When people ask me what I do for a living and I reply that I’m a Mindfulness counsellor, the next comment is usually something like “Ah, yes! I´ve heard about that. It’s that thingy about meditation and being calm. Being ‘Zen’, right?”
This is one of the most common myths about Mindfulness: that it exclusively brings states of peace and happiness.
It’s this cliché that lies at the base of a widespread belief: that practising Mindfulness is some kind of magical solution that will eradicate at a stroke whatever is causing problems in our life.
The propagation of this stereotype is perhaps due, in part, to those impeccable photographs of people meditating in idyllic surroundings, with semi-smiling faces, so happy and perfect... It’s hardly surprising that the expectation automatically aroused in us is:
Meditation = Exclusively positive states
And with that ideal in mind, many people then embark on a quest for happiness through Mindfulness. They buy a book, attend a seminar and start practising.
Ah...! But most of us just want the good stuff, and sometimes what begins to appear during practice has nothing to do with the idyllic image that we harbour in our mind. Annoying physical sensations, contractive emotions, circular thoughts that exhaust us... As soon as things start to get complicated, we quickly become overwhelmed and want to run away from the situation.
Nevertheless, that Mindfulness practice helps us to achieve greater concentration and focus in our lives is a fact. It can also help us to achieve an inner state of greater calm, compassion and tranquillity. So, what’s going wrong?
Actually, nothing. It’s simply that the perception that many people still have about Mindfulness practice is incomplete:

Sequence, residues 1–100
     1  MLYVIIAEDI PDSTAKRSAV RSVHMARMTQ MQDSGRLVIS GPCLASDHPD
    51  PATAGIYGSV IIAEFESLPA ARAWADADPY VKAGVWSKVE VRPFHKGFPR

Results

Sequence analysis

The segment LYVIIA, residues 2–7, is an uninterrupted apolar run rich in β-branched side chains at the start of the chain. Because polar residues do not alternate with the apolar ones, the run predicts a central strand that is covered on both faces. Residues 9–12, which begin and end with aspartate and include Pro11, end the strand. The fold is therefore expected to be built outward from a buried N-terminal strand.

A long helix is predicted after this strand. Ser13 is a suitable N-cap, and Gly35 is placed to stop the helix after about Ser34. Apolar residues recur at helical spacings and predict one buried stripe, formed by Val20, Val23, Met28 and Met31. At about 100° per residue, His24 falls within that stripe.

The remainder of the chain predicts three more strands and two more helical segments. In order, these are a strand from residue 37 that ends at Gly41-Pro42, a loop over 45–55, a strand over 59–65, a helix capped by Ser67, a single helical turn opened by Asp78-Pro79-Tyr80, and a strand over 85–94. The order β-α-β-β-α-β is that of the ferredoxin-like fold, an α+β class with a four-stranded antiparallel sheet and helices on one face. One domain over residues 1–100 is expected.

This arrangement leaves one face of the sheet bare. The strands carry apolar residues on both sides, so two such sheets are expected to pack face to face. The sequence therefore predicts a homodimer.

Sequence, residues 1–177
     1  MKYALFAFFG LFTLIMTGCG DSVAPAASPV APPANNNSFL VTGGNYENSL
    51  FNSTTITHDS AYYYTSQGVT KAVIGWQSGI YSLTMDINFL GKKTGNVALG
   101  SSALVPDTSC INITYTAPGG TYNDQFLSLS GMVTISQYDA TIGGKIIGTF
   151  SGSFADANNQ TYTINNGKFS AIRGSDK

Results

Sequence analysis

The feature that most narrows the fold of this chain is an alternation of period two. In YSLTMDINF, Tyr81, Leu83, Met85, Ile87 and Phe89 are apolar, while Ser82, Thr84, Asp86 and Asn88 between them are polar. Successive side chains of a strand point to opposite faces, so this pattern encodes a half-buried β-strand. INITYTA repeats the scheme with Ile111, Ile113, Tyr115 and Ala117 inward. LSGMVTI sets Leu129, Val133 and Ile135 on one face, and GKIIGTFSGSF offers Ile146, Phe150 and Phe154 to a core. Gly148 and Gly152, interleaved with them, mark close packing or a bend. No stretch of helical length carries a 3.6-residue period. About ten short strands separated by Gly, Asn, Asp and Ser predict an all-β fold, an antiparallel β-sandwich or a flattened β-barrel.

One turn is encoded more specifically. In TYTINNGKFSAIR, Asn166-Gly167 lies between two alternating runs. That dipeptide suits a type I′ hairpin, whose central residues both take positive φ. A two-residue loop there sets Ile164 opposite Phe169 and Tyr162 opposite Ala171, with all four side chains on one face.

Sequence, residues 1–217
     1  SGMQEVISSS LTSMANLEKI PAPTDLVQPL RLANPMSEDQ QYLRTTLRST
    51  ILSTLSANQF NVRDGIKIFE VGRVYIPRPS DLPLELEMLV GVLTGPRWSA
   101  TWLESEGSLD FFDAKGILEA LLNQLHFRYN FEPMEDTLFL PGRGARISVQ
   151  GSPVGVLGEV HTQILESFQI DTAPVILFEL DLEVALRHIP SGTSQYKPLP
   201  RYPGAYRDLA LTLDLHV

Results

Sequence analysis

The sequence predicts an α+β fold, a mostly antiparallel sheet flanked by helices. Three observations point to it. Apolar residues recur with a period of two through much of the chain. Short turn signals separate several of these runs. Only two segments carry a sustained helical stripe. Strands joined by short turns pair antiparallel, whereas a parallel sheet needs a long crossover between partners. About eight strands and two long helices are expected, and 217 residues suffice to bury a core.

Mindfulness doesn’t mean realising only our positive and kind states, or attending only to what we like. Mindfulness means embracing our experience in full, whatever that experience brings us: good, bad, overwhelming, liberating, irritating, subtle... And it means welcoming it with a certain attitude: accepting it without judging, with kindness and a curious openness.
When we commit ourselves to Mindfulness practice and do it from this perspective, we may not be able to solve our problems as easily as waving a magic wand (Hey! If anyone does know a reliable way of getting instant results without performing ancient rituals or invoking beings from the underworld, feel free to share it with us), but we can stop suffering because of them.
If you stop to think about it, when do you suffer? Surely it’s when you don’t accept that things are the way they are. It’s when you want the situation to be different, when you want things to be the way that you want them to be. So what exists inside you is discomfort and contraction. And nobody likes that.
However, that’s where we are most of the time!
Mindfulness practice, when properly understood, helps us to alleviate this suffering by teaching us to pay attention, without prejudice, to what is happening inside us and in our environment right now. When we approach our experiences from this perspective, we develop the ability to turn off the autopilot and enjoy the pleasure of commanding, choosing – deciding! – our own life.
If we’re able to systematically observe and welcome the way in which we experience each moment and our place in the world, then there is indeed a real possibility that our life will be transformed into that state of peace, balance and love that belongs to us by right.
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